Five unexpected ways the war in Yemen has disrupted daily life

Published November 1st, 2015 - 02:00 GMT
Yemeni children gather fuel, one of the basic needs that's seen a shortage in the country. (AFP/File)
Yemeni children gather fuel, one of the basic needs that's seen a shortage in the country. (AFP/File)

It's been seven months since the Saudi-led coalition began conducting airstrikes in Yemen. And though we've heard about the mass number of casualties and the significant need in humanitarian aid, little has been said about the daily lives of the country's residents.

War always comes with a slew of unexpected problems — here are a few you may not have known much about.

Consumption: There's been little to no electricity in the country, meaning refrigeration is out of the question. Yemenis have been eating and drinking perishables, like milk, fresh as soon as they get it.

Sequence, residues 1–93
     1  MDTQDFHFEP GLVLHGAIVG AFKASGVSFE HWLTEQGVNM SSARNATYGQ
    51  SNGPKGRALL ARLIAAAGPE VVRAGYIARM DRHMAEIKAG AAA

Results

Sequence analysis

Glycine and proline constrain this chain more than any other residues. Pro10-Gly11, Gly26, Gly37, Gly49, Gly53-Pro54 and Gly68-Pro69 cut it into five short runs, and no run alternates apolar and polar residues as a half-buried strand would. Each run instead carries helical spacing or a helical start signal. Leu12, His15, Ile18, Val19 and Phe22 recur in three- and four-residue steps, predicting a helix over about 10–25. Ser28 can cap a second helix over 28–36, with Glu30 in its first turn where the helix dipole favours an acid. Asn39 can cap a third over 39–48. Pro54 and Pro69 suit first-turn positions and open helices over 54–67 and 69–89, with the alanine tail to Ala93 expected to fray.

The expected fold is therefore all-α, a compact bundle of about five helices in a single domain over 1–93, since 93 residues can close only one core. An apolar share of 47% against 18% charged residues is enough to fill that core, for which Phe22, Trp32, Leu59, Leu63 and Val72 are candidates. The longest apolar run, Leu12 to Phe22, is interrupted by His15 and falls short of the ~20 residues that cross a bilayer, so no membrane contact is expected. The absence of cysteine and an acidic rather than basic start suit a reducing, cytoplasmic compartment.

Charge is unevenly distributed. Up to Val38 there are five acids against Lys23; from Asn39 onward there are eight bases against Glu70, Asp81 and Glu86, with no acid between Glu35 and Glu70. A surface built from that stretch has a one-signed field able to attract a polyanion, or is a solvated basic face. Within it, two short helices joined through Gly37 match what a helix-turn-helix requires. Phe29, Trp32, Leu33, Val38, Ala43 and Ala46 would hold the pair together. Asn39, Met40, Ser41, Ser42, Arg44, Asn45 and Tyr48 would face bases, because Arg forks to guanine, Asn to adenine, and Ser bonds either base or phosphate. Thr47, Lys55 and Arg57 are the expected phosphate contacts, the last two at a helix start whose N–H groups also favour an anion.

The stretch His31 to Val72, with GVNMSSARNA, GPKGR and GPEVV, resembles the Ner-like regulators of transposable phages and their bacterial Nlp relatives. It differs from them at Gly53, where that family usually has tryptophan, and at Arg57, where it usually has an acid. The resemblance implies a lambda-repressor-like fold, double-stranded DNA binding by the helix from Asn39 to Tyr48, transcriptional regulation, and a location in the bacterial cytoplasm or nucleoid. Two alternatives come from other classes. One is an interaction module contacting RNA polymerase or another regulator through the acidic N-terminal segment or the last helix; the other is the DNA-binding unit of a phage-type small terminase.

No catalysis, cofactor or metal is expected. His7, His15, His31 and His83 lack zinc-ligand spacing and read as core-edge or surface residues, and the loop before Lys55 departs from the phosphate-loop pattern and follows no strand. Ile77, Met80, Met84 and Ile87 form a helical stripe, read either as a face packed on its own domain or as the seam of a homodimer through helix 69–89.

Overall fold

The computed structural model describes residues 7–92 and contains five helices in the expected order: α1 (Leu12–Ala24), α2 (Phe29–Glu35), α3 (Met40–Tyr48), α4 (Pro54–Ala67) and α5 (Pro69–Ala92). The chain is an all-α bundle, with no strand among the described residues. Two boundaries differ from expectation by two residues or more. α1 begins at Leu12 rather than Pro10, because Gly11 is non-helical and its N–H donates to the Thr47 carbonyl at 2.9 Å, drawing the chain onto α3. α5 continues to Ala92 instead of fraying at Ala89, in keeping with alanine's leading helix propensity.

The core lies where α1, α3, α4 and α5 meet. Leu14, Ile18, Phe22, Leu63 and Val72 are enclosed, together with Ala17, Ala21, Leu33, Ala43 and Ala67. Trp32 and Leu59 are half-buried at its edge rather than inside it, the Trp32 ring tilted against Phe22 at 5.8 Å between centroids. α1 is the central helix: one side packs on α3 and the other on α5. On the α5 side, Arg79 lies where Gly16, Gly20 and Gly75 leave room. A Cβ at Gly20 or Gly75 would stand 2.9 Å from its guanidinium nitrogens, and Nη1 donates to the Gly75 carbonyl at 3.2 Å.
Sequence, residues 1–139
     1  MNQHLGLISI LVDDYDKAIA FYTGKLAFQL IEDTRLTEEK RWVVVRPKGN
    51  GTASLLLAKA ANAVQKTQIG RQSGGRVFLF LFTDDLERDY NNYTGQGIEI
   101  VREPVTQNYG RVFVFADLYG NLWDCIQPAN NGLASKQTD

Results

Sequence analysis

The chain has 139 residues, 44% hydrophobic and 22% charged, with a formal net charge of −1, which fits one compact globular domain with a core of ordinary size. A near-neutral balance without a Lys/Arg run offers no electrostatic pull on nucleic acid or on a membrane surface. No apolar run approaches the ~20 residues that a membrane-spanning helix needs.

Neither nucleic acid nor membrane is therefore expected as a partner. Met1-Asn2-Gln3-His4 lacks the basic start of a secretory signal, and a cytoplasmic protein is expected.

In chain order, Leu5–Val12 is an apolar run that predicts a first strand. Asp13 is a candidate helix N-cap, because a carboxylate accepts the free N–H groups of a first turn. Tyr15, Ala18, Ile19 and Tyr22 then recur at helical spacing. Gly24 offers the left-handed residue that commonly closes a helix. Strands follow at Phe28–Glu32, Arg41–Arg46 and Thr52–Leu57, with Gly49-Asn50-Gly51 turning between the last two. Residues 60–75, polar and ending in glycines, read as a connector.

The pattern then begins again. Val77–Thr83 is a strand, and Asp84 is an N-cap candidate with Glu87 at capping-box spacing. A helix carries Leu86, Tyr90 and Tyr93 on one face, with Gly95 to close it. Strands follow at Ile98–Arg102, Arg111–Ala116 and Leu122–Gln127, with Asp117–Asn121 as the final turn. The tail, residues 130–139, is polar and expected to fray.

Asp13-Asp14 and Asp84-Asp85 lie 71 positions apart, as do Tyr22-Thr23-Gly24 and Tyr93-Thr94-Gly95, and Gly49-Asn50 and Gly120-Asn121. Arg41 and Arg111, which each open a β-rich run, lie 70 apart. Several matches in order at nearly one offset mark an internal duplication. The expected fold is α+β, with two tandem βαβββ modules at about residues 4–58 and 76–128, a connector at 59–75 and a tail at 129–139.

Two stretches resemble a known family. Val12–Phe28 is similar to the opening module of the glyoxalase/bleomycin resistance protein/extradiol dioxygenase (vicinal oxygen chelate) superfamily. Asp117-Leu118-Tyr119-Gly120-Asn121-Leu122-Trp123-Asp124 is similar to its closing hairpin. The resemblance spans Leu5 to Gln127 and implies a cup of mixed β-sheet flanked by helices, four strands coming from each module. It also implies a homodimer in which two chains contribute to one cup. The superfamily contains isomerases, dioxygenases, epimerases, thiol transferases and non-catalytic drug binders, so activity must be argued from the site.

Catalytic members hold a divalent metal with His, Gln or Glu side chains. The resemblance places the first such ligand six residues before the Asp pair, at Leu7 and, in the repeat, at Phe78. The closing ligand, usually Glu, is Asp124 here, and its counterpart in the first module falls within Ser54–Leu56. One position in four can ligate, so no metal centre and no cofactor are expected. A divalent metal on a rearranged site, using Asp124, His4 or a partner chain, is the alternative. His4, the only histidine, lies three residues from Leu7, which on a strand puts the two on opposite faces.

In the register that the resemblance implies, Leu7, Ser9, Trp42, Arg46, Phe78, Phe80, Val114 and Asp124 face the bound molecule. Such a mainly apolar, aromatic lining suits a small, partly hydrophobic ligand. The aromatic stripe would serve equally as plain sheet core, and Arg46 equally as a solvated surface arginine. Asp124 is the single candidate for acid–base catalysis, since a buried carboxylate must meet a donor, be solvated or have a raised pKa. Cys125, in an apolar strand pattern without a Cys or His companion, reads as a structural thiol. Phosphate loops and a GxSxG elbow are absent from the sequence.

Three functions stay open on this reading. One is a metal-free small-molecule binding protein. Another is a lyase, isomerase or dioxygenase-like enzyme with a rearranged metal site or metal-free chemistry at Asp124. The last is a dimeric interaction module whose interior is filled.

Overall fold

Internet disconnections and censorship: In areas controlled by the Houthis, websites that include independent media outlets are constantly blocked. Access of information has become increasingly difficult to maintain for Yemeni residents in rebel-held areas that include the capital, Sanaa. 

Imported goods: Before the conflict, Yemen imported more than 90 percent of the country's food. While some situations have improved — the port of Aden reopened in August — the conflict has made it nearly impossible to import the necessities Yemen's residents relied on so heavily. 

Waiting: The shortage of necessary items, from fuel to water, has left Yemenis spending a good portion of their days waiting in line. There are days when thousands of the country's citizens have to line up for a chance to get basic goods. 

Qat trading: Demand for the narcotic plant remains high despite the war. According to the World Bank, one in seven Yemenis make a living off of it. 

The route to get to the plant, though, is more dangerous than it's ever been for qat traders. The two-hour drive from Aden to qat center al-Dhale consists of checkpoints through Houthi rebels, tribesmen and al-Qaeda-held territory, Reuters reported. Al-Qaeda in May tried to ban the substance, but it's unclear how easily it's enforced.

By Hayat Norimine

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